Artist: The Budos Band
Album: The Budos Band
Genre: Funk, Afrobeat
Label: Daptone Records
Quality: FLAC (tracks+.cue)
01 - Up From The South - (03:27)
02 - T.I.B.W.F. - (02:41)
03 - Budos Theme - (03:09)
04 - Ghost Walk - (02:14)
05 - Monkey See, Monkey Do - (06:01)
06 - Sing A Simple Song - (03:19)
07 - Eastbound - (03:43)
08 - Aynotchesh Yererfu - (03:13)
09 - King Charles - (03:09)
10 - The Volcano Song - (02:51)
11 - Across The Atlantic - (03:28)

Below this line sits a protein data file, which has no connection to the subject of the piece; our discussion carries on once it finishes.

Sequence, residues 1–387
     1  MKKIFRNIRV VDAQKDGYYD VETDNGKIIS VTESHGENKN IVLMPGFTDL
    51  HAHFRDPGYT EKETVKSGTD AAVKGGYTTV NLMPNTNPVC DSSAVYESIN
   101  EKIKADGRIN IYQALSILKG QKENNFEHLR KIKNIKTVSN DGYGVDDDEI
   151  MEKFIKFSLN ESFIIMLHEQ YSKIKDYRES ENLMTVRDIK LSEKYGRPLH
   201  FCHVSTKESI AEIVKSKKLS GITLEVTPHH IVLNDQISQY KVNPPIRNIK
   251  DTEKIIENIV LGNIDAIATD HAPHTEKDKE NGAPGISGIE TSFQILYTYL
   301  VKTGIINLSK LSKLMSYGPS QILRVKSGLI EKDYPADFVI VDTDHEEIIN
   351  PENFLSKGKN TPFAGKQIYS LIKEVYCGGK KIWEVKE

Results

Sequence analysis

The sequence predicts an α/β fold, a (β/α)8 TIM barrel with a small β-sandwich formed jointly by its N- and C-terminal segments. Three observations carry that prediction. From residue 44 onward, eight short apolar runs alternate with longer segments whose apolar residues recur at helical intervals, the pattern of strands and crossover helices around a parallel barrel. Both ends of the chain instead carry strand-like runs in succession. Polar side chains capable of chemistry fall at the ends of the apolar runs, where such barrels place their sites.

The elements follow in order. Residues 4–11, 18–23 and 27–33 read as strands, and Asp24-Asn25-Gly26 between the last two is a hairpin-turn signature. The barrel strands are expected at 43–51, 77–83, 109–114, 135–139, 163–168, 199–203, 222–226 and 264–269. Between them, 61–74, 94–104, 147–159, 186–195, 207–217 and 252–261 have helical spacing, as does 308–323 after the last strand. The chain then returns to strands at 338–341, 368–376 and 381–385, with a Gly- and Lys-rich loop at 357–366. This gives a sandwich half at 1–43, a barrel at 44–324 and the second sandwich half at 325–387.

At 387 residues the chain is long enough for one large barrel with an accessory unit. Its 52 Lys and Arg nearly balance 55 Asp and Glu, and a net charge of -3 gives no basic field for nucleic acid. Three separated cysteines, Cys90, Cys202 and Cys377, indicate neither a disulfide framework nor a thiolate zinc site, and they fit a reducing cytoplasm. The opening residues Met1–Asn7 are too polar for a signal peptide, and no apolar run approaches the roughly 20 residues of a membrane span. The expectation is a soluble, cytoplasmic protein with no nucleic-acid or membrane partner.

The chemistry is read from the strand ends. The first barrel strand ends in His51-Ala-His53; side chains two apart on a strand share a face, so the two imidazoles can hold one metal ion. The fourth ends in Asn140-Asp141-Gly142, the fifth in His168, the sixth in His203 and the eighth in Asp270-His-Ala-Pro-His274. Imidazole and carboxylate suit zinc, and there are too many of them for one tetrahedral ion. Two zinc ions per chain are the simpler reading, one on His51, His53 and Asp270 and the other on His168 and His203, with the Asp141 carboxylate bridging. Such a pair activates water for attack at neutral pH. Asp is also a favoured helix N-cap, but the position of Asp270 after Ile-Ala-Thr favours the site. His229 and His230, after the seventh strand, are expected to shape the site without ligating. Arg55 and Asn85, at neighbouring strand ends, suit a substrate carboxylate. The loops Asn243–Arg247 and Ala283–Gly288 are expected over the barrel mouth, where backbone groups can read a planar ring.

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One of the pillars of the Daptone label alongside Sharon Jones & the Dap-Kings and the Sugarman 3, the Budos Band blend soul and funk and twist it with African music scales, particularly with their horn arrangements. Their self-titled LP showcases a band comfortable playing at nearly any speed, often with a brooding sensibility. "Budos Theme" expresses their sound with a high-octane sense of urgency. Prevalent are those aforementioned horns swirling in tornadic fashion, but the track also gets a dose of extra personality from drummer Brian Profilio's ecstatic rhythms. Far from conventional, the beat dances in unison with the bass guitar, played by Daniel Foder, creating a jittery backbeat. The follow-up track, "Ghost Walk," is itself an embodiment of righteous instrumental soul that slows down to a deliberate tempo. The jam starts with a crunchy drum break before being paced by an exemplary and hypnotic Tommy "TNT" Brenneck guitar performance. Fueling the groove are some accompanying extended organ chords and a two-bar conga solo that breaks through momentarily. The Budos Band even throw in a worthy cover of Sly & the Family Stone's classic "Sing a Simple Song." Although it lacks the pop of the original, in part because Cynthia Robinson isn't adding her fiery shouts, it's still a monster arrangement. Unrecognizable as a cover for the first 20 seconds, the guitar lick finally gives it away. For the first 80 seconds, the band plays it close to the vest before building up the suspense and then climaxing at the 1:45 mark. It's not the party starter as performed by Sly & the Family Stone, but it's a perfect example of paying reverence to a classic jam while still adding some original finesse. During a time when the neo-soul craze in urban music was waning, another movement of soul revivalism was starting to gain serious footing. For an instrumental band in the 2000s to be such a musical force in instituting a change in the guard -- even if only in a subset of the genre -- is a testament to the bandmembers' musical abilities in playing, writing, arranging, and performing. The album is a commendable piece of artistry not to be overlooked.